Since the 1970s, astronomers have theorized that at the center of our galaxy, about 26,000 light-years from Earth, there exists a supermassive black hole (SMBH) known as Sagittarius A*. Measuring an estimated 44 million km (27.3 million mi) in diameter and weighing in at roughly 4 million Solar masses, this black hole is believed to have had a profound influence on the formation and evolution of our galaxy.
And yet, scientists have never been able to see it directly and its existence has only been inferred from the effect it has on the stars and material surrounding it. However, new observations conducted by the GRAVITY collaboration** has managed to yield the most detailed observations to date of the matter surrounding Sagittarius A*, which is the strongest evidence yet that a black hole exists at the center of the Milky Way.
The study which describes their findings – “Detection of orbital motions near the last stable circular orbit of the massive black hole SgrA*“, which recently appeared in the journal Astronomy and Astrophysics – was led by Reinhard Genzel of the Max Planck Institute for Extraterrestrial Physics (MPE) and included the various scientists that make up the GRAVITY collaboration.
The GRAVITY collaboration (which is made up of scientists from multiple European research institutes and universities) is so-named because of their association with the GRAVITY instrument, which is part of the ESO’s Very Large Telescope Interferometer (VLTI). This instrument combines the light from the VLT’s four Unit Telescopes to create a virtual telescope that measures 130 m (426.5 ft) in diameter.
For the past two years, this team has been using this instrument to observe the Galactic center and Sgr A* to observe the effects it has on the surrounding environment. The purpose of these observations has been to test the predictions made by Einstein’s Theory of General Relativity and learn more about SMBHs by studying the closest available candidate.
Another purpose was to search for the orbital motions of flares of infrared radiation (aka. ‘hot spots’) in Sag A* accretion disc (the belt of gas orbiting the black hole). The flares happen when this gas, which is accelerated to relativistic speeds, is pulled as close as possible the black hole’s event horizon – what is known as the innermost stable circular orbit (ISCO) – without being consumed.
Using the GRAVITY instrument on the VLTI, the team observed flares coming from belt that was accelerated to 30% the speed of light in a circular orbit around Sag A*. Not only was this the first time material has been observed orbiting close to a black hole’s point of no return, it was the most detailed observations yet of material orbiting this close to a black hole.
“It’s mind-boggling to actually witness material orbiting a massive black hole at 30% of the speed of light. GRAVITY’s tremendous sensitivity has allowed us to observe the accretion processes in real time in unprecedented detail.“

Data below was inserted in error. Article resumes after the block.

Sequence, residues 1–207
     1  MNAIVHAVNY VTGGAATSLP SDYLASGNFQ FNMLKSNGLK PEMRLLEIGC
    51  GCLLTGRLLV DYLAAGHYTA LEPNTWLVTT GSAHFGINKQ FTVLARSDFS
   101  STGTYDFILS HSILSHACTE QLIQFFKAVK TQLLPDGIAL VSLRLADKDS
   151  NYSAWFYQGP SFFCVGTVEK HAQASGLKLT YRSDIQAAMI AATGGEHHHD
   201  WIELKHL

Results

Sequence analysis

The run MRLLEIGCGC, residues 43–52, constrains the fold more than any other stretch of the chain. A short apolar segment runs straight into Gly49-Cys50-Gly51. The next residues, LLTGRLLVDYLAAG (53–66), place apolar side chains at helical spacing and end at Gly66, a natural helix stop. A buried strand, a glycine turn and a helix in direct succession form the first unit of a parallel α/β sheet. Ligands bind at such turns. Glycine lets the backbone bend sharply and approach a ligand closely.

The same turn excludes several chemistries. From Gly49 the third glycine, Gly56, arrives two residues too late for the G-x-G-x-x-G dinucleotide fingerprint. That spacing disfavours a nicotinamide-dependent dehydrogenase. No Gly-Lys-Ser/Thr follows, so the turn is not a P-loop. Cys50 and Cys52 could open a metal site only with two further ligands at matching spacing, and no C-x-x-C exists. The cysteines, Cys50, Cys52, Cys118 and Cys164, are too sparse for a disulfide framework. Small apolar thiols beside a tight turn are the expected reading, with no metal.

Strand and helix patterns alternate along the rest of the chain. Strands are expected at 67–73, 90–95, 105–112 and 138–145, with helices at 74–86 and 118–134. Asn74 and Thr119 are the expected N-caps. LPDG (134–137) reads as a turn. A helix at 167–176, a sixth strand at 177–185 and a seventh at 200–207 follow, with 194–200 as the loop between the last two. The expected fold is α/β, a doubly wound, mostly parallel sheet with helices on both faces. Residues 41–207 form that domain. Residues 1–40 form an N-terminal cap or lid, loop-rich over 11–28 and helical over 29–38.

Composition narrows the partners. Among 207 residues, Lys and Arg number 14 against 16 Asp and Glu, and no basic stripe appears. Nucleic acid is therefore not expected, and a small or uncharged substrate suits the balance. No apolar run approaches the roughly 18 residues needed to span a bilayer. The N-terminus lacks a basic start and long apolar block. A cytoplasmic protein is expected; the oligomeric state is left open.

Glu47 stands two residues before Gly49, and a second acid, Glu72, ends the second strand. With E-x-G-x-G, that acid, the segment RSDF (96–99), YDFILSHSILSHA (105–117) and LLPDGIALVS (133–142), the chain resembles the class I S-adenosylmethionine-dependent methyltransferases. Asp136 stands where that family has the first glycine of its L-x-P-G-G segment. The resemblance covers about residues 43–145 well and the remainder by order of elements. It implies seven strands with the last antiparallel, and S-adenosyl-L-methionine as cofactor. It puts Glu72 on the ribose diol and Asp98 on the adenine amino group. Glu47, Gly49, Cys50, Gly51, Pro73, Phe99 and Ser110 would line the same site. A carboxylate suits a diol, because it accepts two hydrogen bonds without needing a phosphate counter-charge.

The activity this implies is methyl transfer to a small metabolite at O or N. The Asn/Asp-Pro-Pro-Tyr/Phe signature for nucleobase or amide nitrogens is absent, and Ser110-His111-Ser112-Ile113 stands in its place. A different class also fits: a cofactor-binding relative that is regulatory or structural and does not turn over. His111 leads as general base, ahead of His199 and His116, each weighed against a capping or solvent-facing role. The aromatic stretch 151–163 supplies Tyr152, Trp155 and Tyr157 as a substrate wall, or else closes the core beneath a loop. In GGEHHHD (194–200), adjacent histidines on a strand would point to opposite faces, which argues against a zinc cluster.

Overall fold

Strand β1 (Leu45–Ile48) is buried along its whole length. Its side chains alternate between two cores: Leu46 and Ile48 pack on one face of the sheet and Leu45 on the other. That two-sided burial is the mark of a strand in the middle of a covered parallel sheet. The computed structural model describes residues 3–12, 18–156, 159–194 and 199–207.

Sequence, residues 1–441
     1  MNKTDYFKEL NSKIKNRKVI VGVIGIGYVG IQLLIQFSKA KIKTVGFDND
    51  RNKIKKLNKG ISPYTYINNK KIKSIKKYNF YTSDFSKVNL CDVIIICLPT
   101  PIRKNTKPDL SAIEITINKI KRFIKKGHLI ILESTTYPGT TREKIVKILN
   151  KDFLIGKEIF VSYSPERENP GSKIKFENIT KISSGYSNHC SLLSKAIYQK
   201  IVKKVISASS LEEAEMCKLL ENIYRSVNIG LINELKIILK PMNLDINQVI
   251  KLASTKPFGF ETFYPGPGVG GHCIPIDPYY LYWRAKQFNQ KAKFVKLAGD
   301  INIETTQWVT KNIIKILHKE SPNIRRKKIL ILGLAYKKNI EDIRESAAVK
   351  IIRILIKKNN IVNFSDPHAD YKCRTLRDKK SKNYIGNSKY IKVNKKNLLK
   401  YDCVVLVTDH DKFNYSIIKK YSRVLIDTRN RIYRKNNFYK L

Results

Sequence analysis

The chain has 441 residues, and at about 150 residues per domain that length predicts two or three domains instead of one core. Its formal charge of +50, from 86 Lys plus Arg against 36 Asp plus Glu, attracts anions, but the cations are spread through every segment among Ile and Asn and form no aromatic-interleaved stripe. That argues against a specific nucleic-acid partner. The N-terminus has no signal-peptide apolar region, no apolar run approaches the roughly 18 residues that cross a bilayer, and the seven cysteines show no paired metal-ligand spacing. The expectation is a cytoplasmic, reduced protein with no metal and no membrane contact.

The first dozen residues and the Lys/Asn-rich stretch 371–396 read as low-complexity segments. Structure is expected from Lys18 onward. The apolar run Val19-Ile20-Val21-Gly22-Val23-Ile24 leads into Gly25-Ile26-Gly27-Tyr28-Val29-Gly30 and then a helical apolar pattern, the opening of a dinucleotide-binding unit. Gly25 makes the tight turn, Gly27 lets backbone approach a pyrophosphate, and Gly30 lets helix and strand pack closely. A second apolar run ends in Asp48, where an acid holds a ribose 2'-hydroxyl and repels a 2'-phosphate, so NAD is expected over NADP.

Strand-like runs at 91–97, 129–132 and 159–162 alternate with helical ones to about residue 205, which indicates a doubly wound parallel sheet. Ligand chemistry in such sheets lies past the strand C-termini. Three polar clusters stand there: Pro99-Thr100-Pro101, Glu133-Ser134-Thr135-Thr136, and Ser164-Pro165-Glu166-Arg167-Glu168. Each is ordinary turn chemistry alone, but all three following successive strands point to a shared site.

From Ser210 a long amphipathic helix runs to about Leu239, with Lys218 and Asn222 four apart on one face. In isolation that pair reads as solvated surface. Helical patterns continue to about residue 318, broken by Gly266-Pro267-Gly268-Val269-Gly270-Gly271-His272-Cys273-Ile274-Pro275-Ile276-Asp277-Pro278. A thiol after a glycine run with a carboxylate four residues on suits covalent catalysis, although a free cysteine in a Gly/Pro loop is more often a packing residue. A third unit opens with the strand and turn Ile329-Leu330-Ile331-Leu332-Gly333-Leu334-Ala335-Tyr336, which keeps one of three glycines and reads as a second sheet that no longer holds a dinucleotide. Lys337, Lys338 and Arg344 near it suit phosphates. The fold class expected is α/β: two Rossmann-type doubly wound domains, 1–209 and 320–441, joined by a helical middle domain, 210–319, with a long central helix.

The observations they conducted also confirmed the theory that Sag A* is indeed a supermassive black hole – otherwise known as the “massive black hole paradigm”. As Genzel explained, this accomplishment is something scientists have been looking forward to for decades. “This always was one of our dream projects but we did not dare to hope that it would become possible so soon,” he said.
Interestingly, this is not the first time that the GRAVITY collaboration has used the VLTI to observe the center of our galaxy. Earlier this year, the team used GRAVITY and the Spectrograph for INtegral Field Observations in the Near Infrared (SINFONI) instrument to measure the movements of a star as it conducted a close fly-by with Sag A*.
As the star (S2) passed close to the extreme gravitational field of Sagittarius A*, the team measured the star’s position and velocity and compared these to previous measurements. After comparing them to various theories of gravity, they were able to confirm that the star’s behavior was consistent with predictions made by Einstein’s Theory of General Relativity.
This was a major accomplishment, as it was the first time that General Relativity had been confirmed in such an extreme environment. As Pfuhl explained:
“We were closely monitoring S2, and of course we always keep an eye on Sagittarius A*. During our observations, we were lucky enough to notice three bright flares from around the black hole — it was a lucky coincidence!“
In the end, these groundbreaking observations were made possible thanks to a combination of international collaboration and state-of-the-art instruments. In the future, more advanced instruments – and improved methods of data-sharing – are sure to unlock even more mysteries of the Universe and help scientists understand how it came to be.
And be sure to check out this ESOcast that talks about this recent discovery, courtesy of the ESO:
**The GRAVITY collaboration is made up of members from the Max Planck Institute for Extraterrestrial Physics, the LESIA Paris Observatory, the Centre Nationale de Researches Scientifique (CNRS), the Max Planck Institute for Astronomy, the Centro de Astrofísica e Gravitação (CENTRA), the European Southern Observatory (ESO), and multiple European universities.
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